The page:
The result of their collaboration, a 12-minute film — at-once impressionistic, gritty and gorgeous — is called As I Am. Its rich collage of imagery, music and poetry interweaves Chris’s thoughts with the voices of other men and women encountered during filming. The remarkable story behind the making of the film, as well as the film’s beauty, has drawn accolades; for instance, it was voted one of Vimeo’s top twelve films of 2012; it has been viewed more than 100,000 times since it went online.
The language in the film is striking and deeply connected to Chris’s life and his dreams. The chilling, reoccurring line, “afraid of the future,” comes from a poem Chris has worked on since he was in 10th grade, and was Chris’s original working title for the film. Another memorable line, “when your stomach is touching your back, your stomach is touching your back,” was something his uncle said one afternoon as they sat on his porch and he explained why he had to sell his car.
The soundtrack, meanwhile, is firmly rooted in the South, with songs provided by young local singers such as Kevione Austin and Ladrecus White, who goes by Drako, as well as the blues great Blind Mississippi Morris. The film was scored by two Memphisites, Paul Taylor and Sean T Faust. “Pain has come all the way from Africa, through the Caribbean, the Mississippi Delta and into Memphis, and as a result the city has created music that has influenced the world,” Spearman says.
Today, Chris understands the effects he can have on his community and returns to South Memphis as an inspiration.
“My people and my friends need more than apples and bread,” Chris says. “They need guidance and a role model who can say, I am from where you’re from, I grew up here too, and if I can do it so can you. I can be their hope.”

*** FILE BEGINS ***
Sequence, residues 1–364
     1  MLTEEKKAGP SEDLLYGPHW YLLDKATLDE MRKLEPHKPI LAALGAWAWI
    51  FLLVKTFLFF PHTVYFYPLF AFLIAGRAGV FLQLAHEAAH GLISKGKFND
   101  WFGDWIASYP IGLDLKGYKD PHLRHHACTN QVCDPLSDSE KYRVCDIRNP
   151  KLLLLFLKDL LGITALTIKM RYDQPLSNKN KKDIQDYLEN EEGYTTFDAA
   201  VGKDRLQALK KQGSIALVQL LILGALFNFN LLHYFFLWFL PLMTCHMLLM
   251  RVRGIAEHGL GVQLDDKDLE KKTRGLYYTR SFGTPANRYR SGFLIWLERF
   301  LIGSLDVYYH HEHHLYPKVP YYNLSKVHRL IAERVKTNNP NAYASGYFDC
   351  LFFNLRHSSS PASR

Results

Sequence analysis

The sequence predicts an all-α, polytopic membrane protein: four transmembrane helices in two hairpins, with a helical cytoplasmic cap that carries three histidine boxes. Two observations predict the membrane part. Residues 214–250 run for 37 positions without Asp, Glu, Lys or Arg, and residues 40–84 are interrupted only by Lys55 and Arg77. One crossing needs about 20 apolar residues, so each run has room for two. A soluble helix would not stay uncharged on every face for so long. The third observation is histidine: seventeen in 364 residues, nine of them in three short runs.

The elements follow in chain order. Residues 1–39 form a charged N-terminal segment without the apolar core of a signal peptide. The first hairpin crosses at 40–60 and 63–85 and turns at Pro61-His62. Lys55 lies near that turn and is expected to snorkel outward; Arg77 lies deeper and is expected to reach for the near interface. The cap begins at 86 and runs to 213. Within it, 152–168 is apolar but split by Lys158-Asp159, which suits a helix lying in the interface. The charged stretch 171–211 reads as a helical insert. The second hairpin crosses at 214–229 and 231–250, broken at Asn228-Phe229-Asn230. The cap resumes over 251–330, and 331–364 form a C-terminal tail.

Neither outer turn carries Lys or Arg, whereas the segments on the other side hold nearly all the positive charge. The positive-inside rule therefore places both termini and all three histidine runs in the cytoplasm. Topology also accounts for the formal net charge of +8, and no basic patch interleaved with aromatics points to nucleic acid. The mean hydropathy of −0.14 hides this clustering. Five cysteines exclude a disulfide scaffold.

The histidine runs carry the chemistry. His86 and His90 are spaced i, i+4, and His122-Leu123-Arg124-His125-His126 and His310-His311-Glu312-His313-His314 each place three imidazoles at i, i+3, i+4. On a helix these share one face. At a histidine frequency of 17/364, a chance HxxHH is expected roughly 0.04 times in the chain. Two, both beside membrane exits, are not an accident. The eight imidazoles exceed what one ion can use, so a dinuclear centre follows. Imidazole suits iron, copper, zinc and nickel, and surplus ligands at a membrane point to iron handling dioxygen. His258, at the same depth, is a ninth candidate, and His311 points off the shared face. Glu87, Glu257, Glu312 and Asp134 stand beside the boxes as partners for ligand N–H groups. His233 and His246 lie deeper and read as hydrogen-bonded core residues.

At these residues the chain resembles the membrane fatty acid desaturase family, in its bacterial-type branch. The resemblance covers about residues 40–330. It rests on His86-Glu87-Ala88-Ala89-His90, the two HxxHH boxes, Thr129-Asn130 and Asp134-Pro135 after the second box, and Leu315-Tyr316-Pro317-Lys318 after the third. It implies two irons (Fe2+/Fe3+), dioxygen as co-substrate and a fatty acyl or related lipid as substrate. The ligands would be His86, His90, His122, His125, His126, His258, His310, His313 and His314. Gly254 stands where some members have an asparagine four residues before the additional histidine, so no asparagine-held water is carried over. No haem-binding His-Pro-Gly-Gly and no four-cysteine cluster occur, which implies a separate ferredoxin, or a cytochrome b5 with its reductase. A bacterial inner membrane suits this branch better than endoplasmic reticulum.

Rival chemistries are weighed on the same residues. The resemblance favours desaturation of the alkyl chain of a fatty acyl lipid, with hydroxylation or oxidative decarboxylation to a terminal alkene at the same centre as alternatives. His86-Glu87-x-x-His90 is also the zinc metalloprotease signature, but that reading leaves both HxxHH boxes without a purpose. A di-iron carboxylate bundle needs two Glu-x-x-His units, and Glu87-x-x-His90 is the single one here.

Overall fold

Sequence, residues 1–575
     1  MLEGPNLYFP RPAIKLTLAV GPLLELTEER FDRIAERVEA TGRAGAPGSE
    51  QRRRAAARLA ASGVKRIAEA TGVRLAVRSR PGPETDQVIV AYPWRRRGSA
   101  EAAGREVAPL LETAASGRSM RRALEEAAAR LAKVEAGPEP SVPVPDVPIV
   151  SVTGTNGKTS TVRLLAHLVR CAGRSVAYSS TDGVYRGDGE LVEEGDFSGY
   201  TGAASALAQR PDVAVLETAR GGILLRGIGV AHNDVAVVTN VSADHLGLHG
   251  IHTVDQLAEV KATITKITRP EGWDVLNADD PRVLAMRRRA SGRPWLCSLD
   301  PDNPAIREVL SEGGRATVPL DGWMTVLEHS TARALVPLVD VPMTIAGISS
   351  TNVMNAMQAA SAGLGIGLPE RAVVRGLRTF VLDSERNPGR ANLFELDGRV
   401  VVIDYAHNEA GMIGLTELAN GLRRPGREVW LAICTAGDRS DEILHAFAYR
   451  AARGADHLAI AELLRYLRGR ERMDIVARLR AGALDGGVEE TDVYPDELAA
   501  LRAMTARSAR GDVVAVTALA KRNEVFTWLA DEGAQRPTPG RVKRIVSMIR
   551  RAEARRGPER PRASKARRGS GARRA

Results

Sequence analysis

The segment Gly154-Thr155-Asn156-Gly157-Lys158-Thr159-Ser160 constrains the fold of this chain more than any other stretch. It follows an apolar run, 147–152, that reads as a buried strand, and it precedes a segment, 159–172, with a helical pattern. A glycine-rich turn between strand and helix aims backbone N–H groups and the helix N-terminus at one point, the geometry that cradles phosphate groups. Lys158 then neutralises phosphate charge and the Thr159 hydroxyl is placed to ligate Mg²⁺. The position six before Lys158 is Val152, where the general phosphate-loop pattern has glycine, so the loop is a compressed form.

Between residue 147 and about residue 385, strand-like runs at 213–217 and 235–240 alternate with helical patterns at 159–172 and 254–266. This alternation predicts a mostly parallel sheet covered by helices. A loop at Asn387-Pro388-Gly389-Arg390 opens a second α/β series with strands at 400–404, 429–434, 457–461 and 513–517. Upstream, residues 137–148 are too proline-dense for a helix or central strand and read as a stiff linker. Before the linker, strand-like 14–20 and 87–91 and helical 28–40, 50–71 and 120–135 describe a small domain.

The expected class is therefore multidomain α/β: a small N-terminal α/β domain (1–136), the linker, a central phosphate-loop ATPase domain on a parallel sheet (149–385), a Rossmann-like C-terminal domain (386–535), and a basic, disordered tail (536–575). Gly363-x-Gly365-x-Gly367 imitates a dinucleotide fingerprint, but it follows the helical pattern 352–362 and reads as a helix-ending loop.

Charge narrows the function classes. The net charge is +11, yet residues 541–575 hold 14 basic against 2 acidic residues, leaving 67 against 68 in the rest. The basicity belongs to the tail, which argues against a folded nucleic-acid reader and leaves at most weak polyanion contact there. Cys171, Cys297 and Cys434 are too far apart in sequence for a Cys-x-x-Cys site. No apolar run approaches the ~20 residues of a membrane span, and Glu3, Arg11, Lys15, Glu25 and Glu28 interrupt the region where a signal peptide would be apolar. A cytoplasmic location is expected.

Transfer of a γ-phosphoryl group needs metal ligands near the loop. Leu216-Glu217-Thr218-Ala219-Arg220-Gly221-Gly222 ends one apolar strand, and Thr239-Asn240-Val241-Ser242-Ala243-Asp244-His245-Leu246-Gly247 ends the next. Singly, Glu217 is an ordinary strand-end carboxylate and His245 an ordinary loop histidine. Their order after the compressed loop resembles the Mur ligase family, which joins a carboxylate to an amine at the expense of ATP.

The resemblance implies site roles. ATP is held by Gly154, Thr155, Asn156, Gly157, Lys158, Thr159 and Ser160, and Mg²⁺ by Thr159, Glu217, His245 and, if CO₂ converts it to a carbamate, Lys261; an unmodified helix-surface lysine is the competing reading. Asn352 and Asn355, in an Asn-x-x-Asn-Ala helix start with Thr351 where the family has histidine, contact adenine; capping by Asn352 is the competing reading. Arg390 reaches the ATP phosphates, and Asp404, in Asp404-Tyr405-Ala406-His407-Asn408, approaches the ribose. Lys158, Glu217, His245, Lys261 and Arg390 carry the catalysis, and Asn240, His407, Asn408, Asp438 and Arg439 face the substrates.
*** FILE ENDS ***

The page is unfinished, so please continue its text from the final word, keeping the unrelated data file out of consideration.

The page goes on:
After our conversation, he was going to teach someone who appears in the film and who spends most of his time “on the block” how to apply to Lane College.
“He didn’t want to go to any other college,” Chris says. “He wants to go where he knows he has friends.” Chris explained that this is a problem most of his friends face; just like they fear leaving their neighborhood, risking getting beat up, they fear leaving for college without a support system. “It makes sense he wants to go where I am, but I am going to go back and tell him not to be afraid to try something different.”
The final version of the short, powerful film Alan and Chris made achieves far more than merely showing “poverty in Memphis”; it is a deep, at-times raw reflection on human survival, and an homage to a wounded city. When I ask both Alan and Chris whether they would like to live in South Memphis despite the hardships, they both laugh.
“There’s nothing like home,” says Chris, who is currently based in Jackson, at Lane College. “I won’t be gone too long from this place.”
Chris Dean is currently in his sophomore year at Lane College and helping Alan Spearman produce the upcoming film Ground, a collaboration between Alan and renowned director Craig Brewer. Mark Adams is the co-producer of As I Am.